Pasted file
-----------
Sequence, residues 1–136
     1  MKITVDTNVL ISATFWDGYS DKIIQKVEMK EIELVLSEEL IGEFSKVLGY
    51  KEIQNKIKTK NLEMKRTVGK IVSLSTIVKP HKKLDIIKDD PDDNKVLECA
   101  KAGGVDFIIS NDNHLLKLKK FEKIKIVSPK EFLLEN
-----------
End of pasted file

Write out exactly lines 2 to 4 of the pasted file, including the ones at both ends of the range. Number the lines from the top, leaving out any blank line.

     1  MKITVDTNVL ISATFWDGYS DKIIQKVEMK EIELVLSEEL IGEFSKVLGY
    51  KEIQNKIKTK NLEMKRTVGK IVSLSTIVKP HKKLDIIKDD PDDNKVLECA
   101  KAGGVDFIIS NDNHLLKLKK FEKIKIVSPK EFLLEN